Forward enrolmentrs for 2011 were bad, just 19 kids. We had $72,000 in pre paid fees as well, a number I always carefully monitored because I knew if we failed to run the course I personally had to refund the money. I could have hid behind the shield of the Proprietary Limited company, and been legally insulated against claims, but personally I could never do this. The money advanced to us was from parents, paying for their kids education. To put that money at risk was never going to happen.

So we entered November with new knowns instead of unknown knowns. All that remained was one Open Day, a last roll of the dice, on the first Saturday of November. Usually these events garnered between 3 and 6 enrolments from 40 or 50 people attending. This one had 25 people, no one enrolled.

SCHOOLS AND CERTIFICATE THREE IN ENTERTAINMENT

When we started the college we had a very healthy short course, Certificate Three in Live Production, Theatre and Events. You could do a week of Lighting Basics, then Sound Basics, come back later and do Vision Basics, then finish off with STAGE OH&S and some core unit assessments.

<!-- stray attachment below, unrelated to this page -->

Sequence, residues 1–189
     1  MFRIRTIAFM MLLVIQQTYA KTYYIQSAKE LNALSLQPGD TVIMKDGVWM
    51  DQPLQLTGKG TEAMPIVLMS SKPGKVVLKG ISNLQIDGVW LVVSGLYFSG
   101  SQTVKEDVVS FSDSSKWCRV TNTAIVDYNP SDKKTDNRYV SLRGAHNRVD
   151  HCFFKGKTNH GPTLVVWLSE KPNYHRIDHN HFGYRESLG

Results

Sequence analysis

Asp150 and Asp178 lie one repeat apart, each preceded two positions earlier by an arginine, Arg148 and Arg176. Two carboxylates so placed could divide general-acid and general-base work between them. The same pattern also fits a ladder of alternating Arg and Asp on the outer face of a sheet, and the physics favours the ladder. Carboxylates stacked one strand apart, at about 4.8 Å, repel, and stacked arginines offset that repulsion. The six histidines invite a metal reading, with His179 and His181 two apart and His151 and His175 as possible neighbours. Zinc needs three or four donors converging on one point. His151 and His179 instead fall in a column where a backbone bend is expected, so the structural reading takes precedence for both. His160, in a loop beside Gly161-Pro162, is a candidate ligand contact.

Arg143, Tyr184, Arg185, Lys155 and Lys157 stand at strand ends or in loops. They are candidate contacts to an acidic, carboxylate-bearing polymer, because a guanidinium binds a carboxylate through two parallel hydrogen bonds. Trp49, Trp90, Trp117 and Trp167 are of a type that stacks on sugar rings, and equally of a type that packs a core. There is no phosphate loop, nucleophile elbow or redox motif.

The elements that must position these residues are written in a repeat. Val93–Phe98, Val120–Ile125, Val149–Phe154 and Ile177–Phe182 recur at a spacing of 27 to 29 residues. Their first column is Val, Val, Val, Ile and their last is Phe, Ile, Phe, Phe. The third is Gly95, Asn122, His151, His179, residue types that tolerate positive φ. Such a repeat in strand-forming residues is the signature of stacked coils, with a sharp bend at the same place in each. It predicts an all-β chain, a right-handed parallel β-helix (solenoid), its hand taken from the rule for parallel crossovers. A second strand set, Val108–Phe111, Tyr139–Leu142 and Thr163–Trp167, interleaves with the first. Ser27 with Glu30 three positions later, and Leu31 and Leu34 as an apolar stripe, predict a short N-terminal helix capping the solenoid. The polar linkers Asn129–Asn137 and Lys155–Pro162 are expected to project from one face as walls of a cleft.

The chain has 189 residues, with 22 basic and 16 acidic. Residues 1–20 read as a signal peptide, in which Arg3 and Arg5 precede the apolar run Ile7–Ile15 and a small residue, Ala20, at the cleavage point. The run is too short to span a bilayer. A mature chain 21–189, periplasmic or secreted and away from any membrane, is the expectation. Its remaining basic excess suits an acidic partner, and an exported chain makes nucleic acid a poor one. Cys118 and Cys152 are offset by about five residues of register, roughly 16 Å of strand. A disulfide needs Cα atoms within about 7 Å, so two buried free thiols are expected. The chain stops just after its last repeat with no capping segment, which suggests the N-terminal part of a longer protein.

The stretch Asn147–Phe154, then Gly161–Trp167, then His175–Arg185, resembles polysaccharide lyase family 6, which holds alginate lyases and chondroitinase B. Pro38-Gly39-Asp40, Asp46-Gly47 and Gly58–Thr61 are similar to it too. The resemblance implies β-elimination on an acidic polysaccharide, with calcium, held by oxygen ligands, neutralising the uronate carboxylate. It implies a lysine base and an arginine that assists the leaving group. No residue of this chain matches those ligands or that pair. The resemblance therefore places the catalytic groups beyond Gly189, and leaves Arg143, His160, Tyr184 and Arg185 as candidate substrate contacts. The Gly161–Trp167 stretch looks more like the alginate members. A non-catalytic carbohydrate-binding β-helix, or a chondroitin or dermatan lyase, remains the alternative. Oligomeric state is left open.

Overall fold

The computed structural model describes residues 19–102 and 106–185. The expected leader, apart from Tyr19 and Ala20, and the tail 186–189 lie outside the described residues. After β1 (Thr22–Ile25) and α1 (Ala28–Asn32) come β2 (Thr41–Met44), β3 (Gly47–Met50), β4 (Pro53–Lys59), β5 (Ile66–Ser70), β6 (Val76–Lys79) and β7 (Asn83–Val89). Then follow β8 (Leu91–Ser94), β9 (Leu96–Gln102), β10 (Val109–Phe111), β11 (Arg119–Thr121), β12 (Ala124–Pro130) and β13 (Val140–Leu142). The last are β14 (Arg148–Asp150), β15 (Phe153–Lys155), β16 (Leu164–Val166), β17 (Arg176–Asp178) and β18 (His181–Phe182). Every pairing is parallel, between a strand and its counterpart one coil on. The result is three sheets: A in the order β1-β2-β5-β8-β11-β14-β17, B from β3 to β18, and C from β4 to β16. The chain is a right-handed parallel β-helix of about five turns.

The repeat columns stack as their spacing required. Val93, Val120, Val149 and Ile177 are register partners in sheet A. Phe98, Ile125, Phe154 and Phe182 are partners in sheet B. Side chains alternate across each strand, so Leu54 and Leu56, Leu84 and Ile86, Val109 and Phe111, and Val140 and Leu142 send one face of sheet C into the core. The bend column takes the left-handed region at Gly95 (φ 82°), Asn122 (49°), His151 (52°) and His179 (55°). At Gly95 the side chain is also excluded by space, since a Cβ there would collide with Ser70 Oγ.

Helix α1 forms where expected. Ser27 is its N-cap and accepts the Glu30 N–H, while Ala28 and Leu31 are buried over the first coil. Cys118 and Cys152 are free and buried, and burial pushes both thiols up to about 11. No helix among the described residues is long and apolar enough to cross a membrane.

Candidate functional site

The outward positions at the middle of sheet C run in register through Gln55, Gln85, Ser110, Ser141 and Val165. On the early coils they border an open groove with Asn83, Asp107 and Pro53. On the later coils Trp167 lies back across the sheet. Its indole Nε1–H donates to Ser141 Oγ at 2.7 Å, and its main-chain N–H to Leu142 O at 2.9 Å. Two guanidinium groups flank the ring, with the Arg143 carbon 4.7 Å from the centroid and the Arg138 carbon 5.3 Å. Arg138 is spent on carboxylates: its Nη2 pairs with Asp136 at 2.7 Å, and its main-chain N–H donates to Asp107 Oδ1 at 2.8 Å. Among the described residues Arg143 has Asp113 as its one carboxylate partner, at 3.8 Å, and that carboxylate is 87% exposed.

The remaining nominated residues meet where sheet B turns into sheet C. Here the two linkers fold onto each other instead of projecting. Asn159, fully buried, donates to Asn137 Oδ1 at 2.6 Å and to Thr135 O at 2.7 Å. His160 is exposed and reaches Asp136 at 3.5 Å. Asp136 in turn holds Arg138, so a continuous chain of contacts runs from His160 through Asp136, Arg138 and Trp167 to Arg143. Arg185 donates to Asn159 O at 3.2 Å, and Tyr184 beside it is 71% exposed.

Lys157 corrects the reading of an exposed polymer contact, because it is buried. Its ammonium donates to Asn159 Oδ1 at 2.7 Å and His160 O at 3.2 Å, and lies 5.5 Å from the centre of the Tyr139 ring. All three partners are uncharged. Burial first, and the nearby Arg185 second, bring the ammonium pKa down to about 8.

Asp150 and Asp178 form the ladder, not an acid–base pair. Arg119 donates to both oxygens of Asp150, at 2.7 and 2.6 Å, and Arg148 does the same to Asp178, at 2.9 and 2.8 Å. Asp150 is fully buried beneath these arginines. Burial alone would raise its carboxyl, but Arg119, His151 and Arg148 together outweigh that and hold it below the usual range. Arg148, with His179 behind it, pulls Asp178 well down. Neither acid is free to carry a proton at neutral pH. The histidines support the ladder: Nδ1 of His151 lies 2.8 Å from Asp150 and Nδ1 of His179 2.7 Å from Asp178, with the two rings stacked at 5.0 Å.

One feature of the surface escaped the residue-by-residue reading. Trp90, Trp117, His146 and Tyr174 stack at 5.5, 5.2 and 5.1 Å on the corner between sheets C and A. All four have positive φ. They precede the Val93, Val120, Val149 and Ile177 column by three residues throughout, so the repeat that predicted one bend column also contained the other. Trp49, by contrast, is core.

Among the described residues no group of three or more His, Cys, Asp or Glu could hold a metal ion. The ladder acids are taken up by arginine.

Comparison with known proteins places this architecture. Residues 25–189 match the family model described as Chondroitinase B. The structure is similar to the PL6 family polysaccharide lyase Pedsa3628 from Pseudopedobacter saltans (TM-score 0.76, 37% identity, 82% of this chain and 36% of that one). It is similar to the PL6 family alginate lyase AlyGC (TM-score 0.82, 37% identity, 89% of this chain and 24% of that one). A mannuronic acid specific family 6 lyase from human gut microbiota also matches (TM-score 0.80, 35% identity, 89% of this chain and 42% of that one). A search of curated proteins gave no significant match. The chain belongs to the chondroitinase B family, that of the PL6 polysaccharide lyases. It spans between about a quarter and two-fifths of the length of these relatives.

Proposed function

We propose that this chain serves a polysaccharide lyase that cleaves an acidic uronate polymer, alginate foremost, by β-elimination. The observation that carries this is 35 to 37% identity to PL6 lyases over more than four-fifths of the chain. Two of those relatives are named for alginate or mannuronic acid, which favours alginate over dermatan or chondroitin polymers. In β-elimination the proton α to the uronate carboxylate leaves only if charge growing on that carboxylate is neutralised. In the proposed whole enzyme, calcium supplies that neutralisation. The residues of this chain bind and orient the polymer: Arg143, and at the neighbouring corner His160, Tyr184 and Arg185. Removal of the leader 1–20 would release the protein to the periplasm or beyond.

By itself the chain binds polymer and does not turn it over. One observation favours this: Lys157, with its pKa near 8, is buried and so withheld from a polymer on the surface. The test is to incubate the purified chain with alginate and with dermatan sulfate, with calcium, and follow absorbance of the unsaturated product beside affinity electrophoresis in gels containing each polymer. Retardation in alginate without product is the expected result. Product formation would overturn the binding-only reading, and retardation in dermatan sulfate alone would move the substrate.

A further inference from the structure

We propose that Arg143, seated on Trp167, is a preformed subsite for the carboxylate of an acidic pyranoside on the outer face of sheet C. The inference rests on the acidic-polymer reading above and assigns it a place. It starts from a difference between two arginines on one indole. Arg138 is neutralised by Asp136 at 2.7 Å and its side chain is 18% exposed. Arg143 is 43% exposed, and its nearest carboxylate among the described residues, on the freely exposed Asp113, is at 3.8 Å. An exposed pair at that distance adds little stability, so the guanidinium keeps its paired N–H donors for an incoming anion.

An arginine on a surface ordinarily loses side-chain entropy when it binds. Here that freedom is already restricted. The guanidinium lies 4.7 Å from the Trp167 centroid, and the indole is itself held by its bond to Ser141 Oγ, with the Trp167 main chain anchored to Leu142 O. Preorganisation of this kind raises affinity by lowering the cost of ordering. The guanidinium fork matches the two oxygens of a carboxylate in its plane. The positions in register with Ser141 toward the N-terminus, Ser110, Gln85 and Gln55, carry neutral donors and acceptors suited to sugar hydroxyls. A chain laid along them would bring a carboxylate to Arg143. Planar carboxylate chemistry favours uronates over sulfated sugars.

In 2008 the NSW Board of Education allowed high schools to deliver the Vocational Education and Training (VET) course, Certificate Three in Live Production, Theatre and Events.

This killed our short course profitability. We went from a peak of 22 students in two lighting classes, down to struggling to start a class with 4 students in 2010.

No one has ever explained to me just why the schools went from Certificate II to Certificate III. Just this week my step son Jack (year 10) told me his two VET choices at Kurringai High School are Cert TWO in Hospitality, and Cert THREE in Entertainment. He chose Hospitality.

My ranting and raving about the sheer impossibility for a school leaver with a Cert III getting work has fallen on death ears, so I’ll now stop obsessing about this ridiculous and heart breaking, misleading and usually poorly delivered course dished up by well intentioned but industry ignorant school teachers. Who are usually from the music or drama dept.

One more thing, before I never again mention this: if you already have a Certificate III then you are NOT eligible for a government funded traineeship. Almost all career advisors and VET teachers I have spoken to do not know this. So the best and brightest kids miss out on a job as a trainee. Absolutely ridiculous, and another reason to revert to the Certificate TWO in schools. But no one cares.

THE END